My approach to stock picking rests on a simple premise: The market capitalization of any given stock never equals the intrinsic value of the business. In other words, all stocks are mispriced. Some are mispriced by a lot, some by a little, but all are mispriced.
This particular approach naturally leads to a dual imperative: (1) Avoid stocks where price > value; and (2) Look for stocks where value > price, and by a wide margin. It goes without saying: The more that intrinsic value exceeds the stock price, the better.
It doesn't follow, though, that after I've identified and bought a stock at a fraction of its intrinsic value, my analysis will be vindicated by an immediate spurt in the stock price. All too often, the opposite happens. In December, 2008, for example, I recommended CarMax (KMX) at $7.44 in a column for TheStreet.com, saying it was worth $20 per share. I even included it in my Top Ten List for 2009, but shortly thereafter the stock dropped 27%, to $5.44 per share.
The 27% downdraft in CarMax stock illustrates just how important your conviction level is as to intrinsic value. If you're shaky at all, such a decline is likely to get you to sell the stock. On the other hand, if you're highly confident in your valuation work, a 27% decline should make you downright giddy. Coincident with a decline in the stock to $5.44, the risk of owning CarMax declined. That's because the spread between price and intrinsic value ($20) was much wider with the stock at $5.44. Note that what I paid for the stock is irrelevant in this regard. When assessing risk, the variables that matter are the current price and your calculation of value.
In terms of prospective reward, if you liked owning CarMax at $7.44 with a $20 intrinsic value, you had to love it at $5.44. Of course, it's easier said than done. I've witnessed skilled stock-pickers - those who thoroughly understand price versus value - suddenly change mentality after they buy a stock. Before they invest, they get it: CarMax, at $7.44, is temporarily trading well below intrinsic value.
But once they have their hard-earned capital in the game and they have to endure wild price swings, they begin to doubt their analytical work. Other issues swell in importance: the threat of a double-dip recession, lingering issues in real estate, problems in Europe, etc. Rather than keep it simple - by focusing solely on price versus value - their thinking gets sidetracked and they end up making poor decisions.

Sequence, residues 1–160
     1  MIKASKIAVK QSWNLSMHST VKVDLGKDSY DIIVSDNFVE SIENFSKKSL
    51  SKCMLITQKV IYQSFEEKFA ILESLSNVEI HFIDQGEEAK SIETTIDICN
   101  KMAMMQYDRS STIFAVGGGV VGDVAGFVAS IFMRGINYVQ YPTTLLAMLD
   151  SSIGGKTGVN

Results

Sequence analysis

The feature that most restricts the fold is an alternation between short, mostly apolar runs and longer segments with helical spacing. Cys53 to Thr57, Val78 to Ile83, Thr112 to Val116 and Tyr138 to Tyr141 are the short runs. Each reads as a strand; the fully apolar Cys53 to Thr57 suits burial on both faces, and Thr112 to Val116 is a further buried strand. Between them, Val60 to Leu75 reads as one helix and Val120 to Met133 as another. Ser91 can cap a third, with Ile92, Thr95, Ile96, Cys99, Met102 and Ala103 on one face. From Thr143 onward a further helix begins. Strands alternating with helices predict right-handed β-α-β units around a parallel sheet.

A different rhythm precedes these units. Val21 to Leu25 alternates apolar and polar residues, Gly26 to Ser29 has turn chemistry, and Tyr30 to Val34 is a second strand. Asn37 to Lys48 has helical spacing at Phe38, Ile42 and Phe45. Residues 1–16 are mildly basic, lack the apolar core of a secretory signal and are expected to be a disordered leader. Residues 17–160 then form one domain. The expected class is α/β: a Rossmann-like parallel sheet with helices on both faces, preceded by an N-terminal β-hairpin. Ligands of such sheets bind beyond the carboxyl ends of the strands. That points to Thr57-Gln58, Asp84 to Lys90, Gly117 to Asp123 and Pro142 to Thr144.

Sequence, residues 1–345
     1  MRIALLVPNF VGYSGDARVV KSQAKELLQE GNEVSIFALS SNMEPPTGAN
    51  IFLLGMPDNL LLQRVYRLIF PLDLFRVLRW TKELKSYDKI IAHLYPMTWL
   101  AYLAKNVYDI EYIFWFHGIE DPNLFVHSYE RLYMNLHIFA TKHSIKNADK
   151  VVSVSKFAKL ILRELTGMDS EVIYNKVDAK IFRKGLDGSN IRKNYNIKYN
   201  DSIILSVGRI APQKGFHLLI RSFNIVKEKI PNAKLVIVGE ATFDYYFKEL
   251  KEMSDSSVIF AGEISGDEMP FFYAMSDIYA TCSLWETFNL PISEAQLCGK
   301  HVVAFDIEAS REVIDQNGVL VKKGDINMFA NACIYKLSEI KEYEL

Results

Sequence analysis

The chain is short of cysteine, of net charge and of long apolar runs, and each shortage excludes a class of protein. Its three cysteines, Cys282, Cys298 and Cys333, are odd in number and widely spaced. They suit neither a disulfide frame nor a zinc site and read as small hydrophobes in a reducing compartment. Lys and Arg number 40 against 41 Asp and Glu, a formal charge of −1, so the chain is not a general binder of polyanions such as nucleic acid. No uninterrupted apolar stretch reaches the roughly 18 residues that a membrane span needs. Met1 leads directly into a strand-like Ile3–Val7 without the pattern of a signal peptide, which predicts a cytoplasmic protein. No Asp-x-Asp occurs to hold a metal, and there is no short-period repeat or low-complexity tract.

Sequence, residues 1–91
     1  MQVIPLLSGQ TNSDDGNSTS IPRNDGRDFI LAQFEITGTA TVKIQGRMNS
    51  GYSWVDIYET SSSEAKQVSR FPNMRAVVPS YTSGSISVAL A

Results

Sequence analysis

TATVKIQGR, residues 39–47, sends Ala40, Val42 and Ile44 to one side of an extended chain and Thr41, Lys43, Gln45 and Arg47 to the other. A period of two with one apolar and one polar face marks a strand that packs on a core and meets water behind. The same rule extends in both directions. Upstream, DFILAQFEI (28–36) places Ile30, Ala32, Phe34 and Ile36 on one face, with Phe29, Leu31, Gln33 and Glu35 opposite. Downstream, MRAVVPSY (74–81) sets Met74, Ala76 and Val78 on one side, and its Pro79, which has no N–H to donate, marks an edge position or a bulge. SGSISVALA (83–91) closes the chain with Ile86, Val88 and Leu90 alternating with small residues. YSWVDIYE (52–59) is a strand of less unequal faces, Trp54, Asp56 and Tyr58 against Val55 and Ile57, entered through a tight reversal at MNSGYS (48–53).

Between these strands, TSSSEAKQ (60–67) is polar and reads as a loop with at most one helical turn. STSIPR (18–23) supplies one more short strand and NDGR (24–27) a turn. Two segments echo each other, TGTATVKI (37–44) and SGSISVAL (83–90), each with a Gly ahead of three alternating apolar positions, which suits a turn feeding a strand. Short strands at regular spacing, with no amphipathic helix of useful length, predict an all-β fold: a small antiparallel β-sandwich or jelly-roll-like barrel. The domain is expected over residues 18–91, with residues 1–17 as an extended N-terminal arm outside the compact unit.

It points to just how important your conviction level really is. If you're not highly confident in your valuation analysis, you won't know what to do when a stock moves against you. But if you're confident in your work, the decision is easy. You're certainly not going to sell CarMax simply because the price goes lower, and, depending on how your portfolio is constructed, you'll be looking to add to the position. In any event, the CarMax recommendation worked out nicely. It made it to $20 within one year of my column and now trades at $34, or just below my latest estimate of value.
BUY: Republic First Bancorp (FRBK)
My recommendation of Republic First Bancorp, a regional bank based in Pennsylvania, is similar to my CarMax recommendation on a number of levels. Like CarMax in 2008, the stock of FRBK, at $2 per share, is priced as if it was teetering on the precipice of disaster. Like with CarMax, the reality is quite the opposite - the company has reinvented itself and is poised to thrive. And, as with CarMax, my position in Republic First Bancorp is not a short-term trade. Because of what I anticipate will be a healthy growth trajectory, I hope to own FRBK for a decade or more.
By the way, it's important to emphasize use of a limit order when buying this stock. With a market cap of only $50 million, trading in the stock is thin, so don't use a market order.
Republic First Bancorp has a remarkably similar model to a bank formerly known as Commerce Bank, which was taken over by Toronto-Dominion Bank (TD) in 2008. Commerce was a deposit-gathering machine that benefited shareholders with ten-fold returns in a decade's time. Much of the former Commerce management team is now at First Republic, intent on creating the same deposit gathering magic that Commerce enjoyed.
A few of the FRBK positives worth noting:
1. The balance sheet, carrying a book value of $2.50 per share, is squeaky clean after being thoroughly restructured in the years since the credit crisis.
2. The growth plan is low-risk, built upon a foundation of organic growth and deposit gathering. Early signs are encouraging, as deposits grew organically by 22% (net of C.D.'s) year over year in the most recent quarter.
3. Book value is set up to grow strongly over the next several years, and should compound at a double-digit annual rate (think low- to mid-teens) catalyzed by a combination of branch growth, net interest margin expansion, and same-branch deposit growth.
So where is the stock of Republic First Bancorp headed over the next several years? Pre-2007, investors were all too willing to pay 1.5 to 2.5 times book value for financial stocks, back when balance sheets were excessively leveraged with suspect credits. If we take the low end of that range (1.5x book) and assume FRBK can grow book value by 15% per year (Commerce averaged about double that rate), then we can project a book value of $5 in five years, and a stock price of $7.50.
That said, if I'm right that FRBK is poised to deliver more than 15% book value growth over the next several years (based on their recent rapid growth in deposits, and how I think the model will evolve, this might be conservative), it will most certainly command a premium price (Commerce was priced at three times book when it traded publicly). A stock price based of two times book would be a reasonable target, suggesting a stock price of $10 per share in five years.